3. Extraverted Feeling
This is the dominant function of ESFJs. They tend to make decisions based on personal feelings, emotions, and concern for others. They will think more about the personal impact of a decision rather than considering any objective criteria. ESFJs happen to judge people and situations based on what their “gut feelings” tell them. Snap decisions are often made as a result and ESFJs are quick to share their feelings and opinions. While this tendency can be great in some ways, because it allows them to make choices quickly, it can also sometimes lead to overly harsh judgments of other people.
4. Extraverted Intuition
This is a novelty-seeking function that helps ESFJs make connections and find creative solutions to problems. People with this function are more concerned about exploring options than they are with experiencing sensory or material novelty. ESFJs prefer to keep their options open whether the situation is easy or difficult. They can often find patterns that allow them to gain more insight into people and experiences. On one hand, they may fancy themselves to be clever, creative, or savvy. On the other hand, this function can be a stumbling block because wrestling with ideas that contradict their worldview can be uncomfortable.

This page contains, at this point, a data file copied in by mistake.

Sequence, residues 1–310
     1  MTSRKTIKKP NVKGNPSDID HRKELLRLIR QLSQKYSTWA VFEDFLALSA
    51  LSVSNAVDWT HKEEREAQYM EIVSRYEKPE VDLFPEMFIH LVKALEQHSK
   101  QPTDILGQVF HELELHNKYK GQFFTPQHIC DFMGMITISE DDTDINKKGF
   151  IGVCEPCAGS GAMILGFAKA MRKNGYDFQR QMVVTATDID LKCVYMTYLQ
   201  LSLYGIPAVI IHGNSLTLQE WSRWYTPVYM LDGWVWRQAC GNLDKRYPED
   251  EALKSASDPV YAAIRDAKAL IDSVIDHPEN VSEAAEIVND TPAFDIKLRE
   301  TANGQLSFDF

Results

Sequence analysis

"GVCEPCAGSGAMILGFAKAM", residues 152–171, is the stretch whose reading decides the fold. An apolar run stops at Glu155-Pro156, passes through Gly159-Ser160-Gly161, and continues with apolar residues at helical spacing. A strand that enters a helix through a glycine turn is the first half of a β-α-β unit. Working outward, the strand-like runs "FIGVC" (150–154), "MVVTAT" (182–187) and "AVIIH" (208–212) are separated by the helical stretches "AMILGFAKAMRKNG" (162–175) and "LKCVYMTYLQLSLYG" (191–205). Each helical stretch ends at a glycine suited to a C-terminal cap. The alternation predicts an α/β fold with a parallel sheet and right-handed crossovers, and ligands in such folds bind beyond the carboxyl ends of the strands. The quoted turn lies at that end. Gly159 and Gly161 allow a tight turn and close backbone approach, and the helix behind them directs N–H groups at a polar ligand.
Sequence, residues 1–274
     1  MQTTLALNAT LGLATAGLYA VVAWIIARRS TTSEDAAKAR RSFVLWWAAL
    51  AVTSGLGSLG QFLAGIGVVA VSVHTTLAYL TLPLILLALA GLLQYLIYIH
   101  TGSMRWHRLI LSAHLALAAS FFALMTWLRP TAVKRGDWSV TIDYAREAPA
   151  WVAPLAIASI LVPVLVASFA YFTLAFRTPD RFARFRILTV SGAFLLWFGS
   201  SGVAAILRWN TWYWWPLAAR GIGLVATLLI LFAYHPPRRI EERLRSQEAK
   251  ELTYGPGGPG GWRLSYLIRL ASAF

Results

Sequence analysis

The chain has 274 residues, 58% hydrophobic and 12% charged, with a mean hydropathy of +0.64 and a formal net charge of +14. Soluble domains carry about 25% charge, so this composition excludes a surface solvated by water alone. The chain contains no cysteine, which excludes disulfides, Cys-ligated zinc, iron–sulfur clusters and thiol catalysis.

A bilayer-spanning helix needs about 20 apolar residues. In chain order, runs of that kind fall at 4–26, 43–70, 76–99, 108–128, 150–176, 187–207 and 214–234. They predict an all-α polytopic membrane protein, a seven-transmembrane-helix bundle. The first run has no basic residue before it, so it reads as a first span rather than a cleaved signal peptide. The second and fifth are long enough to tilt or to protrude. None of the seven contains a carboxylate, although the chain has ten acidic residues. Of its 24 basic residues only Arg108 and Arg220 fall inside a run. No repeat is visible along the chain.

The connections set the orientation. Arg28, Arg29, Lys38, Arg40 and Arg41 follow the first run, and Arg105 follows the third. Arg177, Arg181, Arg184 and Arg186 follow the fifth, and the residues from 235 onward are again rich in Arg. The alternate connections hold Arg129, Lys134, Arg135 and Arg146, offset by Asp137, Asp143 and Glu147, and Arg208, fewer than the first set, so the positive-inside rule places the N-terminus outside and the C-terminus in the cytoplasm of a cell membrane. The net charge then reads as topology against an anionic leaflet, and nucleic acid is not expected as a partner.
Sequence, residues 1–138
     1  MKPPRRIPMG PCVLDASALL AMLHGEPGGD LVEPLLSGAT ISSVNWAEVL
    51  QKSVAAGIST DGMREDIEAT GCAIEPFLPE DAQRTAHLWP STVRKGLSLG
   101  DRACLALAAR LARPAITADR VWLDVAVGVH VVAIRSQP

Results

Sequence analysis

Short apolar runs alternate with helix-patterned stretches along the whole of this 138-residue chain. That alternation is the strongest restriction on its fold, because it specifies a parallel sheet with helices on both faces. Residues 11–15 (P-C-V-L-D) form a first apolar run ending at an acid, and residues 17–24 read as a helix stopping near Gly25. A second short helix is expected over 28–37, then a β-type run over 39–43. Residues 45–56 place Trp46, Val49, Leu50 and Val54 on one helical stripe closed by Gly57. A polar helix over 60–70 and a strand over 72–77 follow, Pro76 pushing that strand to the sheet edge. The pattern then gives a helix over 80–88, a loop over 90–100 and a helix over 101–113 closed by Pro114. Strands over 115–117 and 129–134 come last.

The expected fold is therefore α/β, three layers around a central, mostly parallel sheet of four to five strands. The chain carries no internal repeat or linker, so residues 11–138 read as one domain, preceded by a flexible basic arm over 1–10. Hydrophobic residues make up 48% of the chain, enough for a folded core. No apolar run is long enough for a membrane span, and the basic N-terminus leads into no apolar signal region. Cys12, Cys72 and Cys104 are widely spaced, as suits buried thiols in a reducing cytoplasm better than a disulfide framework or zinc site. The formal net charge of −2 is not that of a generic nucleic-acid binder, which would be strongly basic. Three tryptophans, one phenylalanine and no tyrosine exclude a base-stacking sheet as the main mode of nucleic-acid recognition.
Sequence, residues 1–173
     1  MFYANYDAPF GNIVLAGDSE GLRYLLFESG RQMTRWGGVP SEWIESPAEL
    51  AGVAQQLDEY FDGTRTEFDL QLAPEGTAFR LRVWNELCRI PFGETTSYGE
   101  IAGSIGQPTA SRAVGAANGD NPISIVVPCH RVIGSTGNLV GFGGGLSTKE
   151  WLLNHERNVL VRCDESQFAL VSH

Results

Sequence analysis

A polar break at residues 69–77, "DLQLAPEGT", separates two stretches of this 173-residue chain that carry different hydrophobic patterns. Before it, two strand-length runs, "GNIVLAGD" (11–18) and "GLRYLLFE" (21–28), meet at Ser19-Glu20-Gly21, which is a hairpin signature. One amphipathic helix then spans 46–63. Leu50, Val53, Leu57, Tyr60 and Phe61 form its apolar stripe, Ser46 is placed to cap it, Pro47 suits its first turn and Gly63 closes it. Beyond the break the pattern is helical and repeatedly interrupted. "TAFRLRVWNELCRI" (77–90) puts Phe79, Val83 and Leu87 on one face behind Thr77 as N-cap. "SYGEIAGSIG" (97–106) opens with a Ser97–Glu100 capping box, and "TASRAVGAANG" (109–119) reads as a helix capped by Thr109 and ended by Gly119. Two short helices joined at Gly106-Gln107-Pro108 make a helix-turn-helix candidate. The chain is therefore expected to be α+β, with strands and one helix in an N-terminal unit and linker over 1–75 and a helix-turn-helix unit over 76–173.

5. Seeking Approval
What drives ESFJs in their pleasure from helping other people is that they have a need for approval after they provide help. They expect their kind and giving ways to be noticed and appreciated by other people. They have a sensitivity to the needs and feelings of others and are good at responding and providing the care that people need. They want to be liked by other people and they can be easily hurt by people who show them a lack of kindness or indifference in return. ESFJs want assurance that their good deeds mattered to those that they helped.
6. Controlling the Environment